Arts Council England (ACE) has commissioned new research into how the public library service contributes to the national economy.
The first stage of the research will include pulling together existing local and international studies which have measured the economic impact of libraries. After collating, ACE will publish the current thought on libraries and the economy in summer 2014. This will then identify areas for further research, and be used as the basis for a second stage of research, which will be ready in 2015.
Brian Ashley, the libraries director at ACE, said: "Numerous stories are told of how people see their library as a gateway to opportunities they didn’t know they had, often described as a ‘lifesaver’ in a challenging world. Many of these services will have an economic impact with benefits that emerge after a long period of time and which may be affected by other factors. Those who know and love libraries will already be aware of this; our challenge is to make the assertion more widely known and provide the evidence to back it up."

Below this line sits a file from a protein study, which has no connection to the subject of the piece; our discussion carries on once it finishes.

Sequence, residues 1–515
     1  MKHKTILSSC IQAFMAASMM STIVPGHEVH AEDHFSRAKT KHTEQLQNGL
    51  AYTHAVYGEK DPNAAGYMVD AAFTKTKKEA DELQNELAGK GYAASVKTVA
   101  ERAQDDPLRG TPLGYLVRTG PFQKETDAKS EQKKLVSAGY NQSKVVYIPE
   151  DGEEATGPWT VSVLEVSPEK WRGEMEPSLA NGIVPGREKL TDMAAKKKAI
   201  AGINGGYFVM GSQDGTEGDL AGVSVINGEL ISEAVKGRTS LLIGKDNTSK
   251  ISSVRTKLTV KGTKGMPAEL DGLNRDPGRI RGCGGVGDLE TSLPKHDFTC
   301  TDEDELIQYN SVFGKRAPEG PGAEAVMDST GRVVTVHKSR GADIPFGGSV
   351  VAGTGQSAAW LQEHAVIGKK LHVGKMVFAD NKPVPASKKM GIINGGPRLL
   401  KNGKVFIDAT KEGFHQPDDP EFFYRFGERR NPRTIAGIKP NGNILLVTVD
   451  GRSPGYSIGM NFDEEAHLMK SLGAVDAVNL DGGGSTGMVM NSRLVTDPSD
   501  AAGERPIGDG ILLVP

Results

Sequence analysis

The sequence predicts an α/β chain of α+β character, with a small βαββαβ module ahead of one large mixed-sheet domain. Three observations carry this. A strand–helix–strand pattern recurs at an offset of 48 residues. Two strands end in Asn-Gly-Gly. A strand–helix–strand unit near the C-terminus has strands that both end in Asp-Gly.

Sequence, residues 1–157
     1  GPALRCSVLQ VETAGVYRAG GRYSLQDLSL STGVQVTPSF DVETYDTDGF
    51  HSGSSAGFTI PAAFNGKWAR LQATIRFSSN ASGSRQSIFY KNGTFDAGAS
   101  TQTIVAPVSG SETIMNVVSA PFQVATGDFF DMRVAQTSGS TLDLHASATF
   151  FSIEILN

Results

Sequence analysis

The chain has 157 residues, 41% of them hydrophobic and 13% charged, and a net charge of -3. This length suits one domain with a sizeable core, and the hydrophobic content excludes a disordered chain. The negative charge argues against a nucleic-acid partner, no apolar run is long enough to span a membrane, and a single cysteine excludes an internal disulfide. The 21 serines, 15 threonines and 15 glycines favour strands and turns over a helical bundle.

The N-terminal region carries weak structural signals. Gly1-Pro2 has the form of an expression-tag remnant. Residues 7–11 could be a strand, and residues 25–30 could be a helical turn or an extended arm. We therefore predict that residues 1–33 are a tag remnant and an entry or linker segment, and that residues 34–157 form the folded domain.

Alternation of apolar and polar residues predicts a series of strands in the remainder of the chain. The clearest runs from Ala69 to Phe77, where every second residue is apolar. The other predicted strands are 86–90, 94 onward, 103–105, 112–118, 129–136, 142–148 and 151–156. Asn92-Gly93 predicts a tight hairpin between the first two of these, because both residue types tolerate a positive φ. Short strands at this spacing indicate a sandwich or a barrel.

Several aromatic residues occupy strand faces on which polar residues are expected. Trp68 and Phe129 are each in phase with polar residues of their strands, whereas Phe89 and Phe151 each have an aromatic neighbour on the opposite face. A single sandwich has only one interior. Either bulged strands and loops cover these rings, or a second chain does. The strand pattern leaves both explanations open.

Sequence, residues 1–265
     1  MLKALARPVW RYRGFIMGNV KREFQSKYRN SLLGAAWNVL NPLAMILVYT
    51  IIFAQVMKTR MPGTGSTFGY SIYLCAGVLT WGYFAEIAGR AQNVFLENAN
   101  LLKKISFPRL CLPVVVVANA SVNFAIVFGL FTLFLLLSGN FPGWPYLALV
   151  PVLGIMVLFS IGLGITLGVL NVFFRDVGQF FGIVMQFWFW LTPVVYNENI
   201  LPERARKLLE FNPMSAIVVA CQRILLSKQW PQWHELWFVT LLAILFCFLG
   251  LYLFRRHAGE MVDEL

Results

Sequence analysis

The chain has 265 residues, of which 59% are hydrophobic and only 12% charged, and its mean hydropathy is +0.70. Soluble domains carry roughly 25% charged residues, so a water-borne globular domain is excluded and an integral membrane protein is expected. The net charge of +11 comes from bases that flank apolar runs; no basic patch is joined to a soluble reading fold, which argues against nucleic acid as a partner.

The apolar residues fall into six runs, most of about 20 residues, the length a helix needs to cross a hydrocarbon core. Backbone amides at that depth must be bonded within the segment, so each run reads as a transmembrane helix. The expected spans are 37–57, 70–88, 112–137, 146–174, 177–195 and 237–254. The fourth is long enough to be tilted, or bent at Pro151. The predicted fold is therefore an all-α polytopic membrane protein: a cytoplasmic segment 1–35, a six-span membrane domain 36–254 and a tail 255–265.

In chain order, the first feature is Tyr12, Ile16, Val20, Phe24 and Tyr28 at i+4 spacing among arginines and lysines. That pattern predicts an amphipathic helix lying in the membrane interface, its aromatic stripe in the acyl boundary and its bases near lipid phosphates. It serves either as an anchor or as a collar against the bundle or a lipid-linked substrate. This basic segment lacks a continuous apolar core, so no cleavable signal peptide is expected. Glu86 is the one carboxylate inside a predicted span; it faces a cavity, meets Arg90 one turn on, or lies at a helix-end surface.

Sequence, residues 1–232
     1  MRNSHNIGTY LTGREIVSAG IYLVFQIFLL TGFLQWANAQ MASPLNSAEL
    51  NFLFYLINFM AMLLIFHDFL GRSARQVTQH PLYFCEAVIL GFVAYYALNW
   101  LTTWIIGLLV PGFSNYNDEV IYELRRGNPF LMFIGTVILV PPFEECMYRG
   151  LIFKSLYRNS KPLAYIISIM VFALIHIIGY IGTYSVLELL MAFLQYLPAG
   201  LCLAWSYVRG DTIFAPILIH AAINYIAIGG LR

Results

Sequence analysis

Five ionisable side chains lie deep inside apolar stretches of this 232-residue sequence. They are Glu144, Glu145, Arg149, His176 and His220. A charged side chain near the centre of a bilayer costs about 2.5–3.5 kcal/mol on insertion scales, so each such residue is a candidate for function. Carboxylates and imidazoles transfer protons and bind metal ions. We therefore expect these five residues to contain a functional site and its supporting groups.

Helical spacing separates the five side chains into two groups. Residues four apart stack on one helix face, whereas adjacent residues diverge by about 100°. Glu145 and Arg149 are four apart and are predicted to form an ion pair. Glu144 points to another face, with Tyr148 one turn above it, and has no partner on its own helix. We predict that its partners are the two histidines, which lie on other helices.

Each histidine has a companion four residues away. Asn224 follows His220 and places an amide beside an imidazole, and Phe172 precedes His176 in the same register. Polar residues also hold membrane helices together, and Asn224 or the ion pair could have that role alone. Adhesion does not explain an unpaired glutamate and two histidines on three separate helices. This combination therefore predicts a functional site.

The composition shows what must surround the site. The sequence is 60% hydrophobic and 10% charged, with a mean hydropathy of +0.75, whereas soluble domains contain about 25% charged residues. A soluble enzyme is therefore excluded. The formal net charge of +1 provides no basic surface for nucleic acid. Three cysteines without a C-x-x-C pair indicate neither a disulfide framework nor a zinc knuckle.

He said that the research would help prove the value of libraries and make a stronger case for a sustainable service. He added: "A piece of research of this kind will help us to advocate a more complete picture of the public value of libraries to the economic life of this country and this, in turn, will help make the case for a resilient and sustainable service."
ACE's last major project involving libraries was the Envisioning the Future of the Library report, released in May last year. The news of the new research project follows hot on the heels of Department of Culture, Media and Sport's announcement of a review into the public library service led by William Sieghart.